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Charlie And The Chocolate Factory: Shortlisted Entries For The Imagination Awards

By Jacob Porteous

The shortlists have been announced for The Imagination Awards, a new competition launched by the award-winning West End production of Roald Dahl’s Charlie and the Chocolate Factory, to encourage creativity among inventive youngsters and budding theatre designers.

Charlie And The Chocolate Factory: Shortlisted Entries For The Imagination Awards

Entries were invited from young inventors aged 5-15, who were asked to invent a solution to a problem in the world around them, and from theatre designers aged 13-21.

Shortlisted young inventors include Ludwig Karg, age 6, from London. He invented a teddy bear which would detect whether food contained nuts. He was inspired by his brother who has a severe nut allergy.

Also shortlisted is Thomas Hanlon, age 9, from Sutton Coldfield. He came up with the idea of The Amazing Speech Bubble Glasses for his deaf grandfather, which would automatically translate speech into subtitles on the inside of his glasses.

And Lewis Kilner, age 12, from Sheffield, invented Supreme Robo-Legs, which would allow those who had lost the use of their legs to get about without a wheelchair.

Amber Sinclair, age 9 from Essex, suggested shoes with a GPRS signal which would automatically take you to your chosen destination.

Entries came from all across the UK in many different forms, including pictures, stories, and even short films.

The Young Theatre Designers category (open to ages 13-21) also received many fascinating, inspiring and creative entries.

Renowned educationalist Sir Ken Robinson is Patron of the awards with Director Sam Mendes also on the judging panel. The Imagination Awards encourage young inventors and designers to get creative for the chance to win a VIP visit and behind-the-scenes experience to the hit West End show.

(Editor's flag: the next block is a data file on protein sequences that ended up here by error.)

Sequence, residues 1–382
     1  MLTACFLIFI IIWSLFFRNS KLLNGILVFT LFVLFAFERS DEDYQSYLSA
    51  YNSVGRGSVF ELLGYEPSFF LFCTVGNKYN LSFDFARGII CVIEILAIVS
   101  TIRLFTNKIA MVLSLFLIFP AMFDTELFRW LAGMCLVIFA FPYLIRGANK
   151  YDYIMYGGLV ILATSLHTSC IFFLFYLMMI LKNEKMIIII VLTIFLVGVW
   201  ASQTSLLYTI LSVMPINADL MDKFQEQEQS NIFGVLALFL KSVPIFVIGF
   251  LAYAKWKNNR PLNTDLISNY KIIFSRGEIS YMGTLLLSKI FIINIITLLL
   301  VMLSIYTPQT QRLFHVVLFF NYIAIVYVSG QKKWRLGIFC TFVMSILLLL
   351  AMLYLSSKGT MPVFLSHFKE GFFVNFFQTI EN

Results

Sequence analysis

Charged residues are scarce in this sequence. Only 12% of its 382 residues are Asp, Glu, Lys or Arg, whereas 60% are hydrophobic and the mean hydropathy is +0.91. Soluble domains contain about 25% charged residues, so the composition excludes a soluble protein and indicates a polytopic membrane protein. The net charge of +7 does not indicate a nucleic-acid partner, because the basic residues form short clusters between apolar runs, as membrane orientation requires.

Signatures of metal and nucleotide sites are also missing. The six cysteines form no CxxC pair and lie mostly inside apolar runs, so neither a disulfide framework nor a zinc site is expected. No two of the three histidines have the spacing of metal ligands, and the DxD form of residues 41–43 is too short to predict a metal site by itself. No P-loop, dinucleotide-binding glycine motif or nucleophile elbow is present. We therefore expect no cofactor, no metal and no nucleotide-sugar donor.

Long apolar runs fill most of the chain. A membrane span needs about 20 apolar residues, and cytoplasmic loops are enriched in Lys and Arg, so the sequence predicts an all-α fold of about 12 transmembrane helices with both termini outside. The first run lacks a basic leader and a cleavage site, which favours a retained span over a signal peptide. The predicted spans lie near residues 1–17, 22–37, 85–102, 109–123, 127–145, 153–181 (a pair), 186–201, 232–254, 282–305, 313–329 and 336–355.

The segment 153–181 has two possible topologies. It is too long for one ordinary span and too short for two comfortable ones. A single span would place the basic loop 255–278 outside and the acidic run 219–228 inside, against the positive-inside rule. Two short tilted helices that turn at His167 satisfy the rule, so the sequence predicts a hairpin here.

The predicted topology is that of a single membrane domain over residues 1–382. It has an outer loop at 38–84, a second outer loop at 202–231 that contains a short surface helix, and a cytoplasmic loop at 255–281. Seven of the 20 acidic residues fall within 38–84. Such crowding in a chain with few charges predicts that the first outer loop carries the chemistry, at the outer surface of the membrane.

The Imagination Awards are divided into two separate awards:

Charlie's Challenge: a national award for 5-15 year olds (in three age categories, 5-7, 8-11, 12-15), looking for creative inventions and ideas which would benefit a family member.
Judges: Roma Agrawal, James Anderson, Mark Champkins, Emily Mulhall 
Prize: The winner will receive an Imagination Pack full of prizes to encourage invention and creativity, plus a VIP trip to London to watch Charlie and the Chocolate Factory. The school that submits most entries will receive an Imagination Workshop at their school and a talk from one of the judges.

The Young Theatre Design Award: open to 13-21 year olds across the UK (in two age categories, 13-18 and 19-21) and split into two separate categories: Set Design and Costume Design. Young designers were asked to submit an original set or costume design for Charlie and the Chocolate Factory.
Judges: Sam Mendes, Jess Moore, Caro Newling, Mark Thompson
Prize: The winner from each category will be invited to London to meet with the creative team and watch a matinee performance of Charlie and the Chocolate Factory, before experiencing the production from backstage during the evening performance.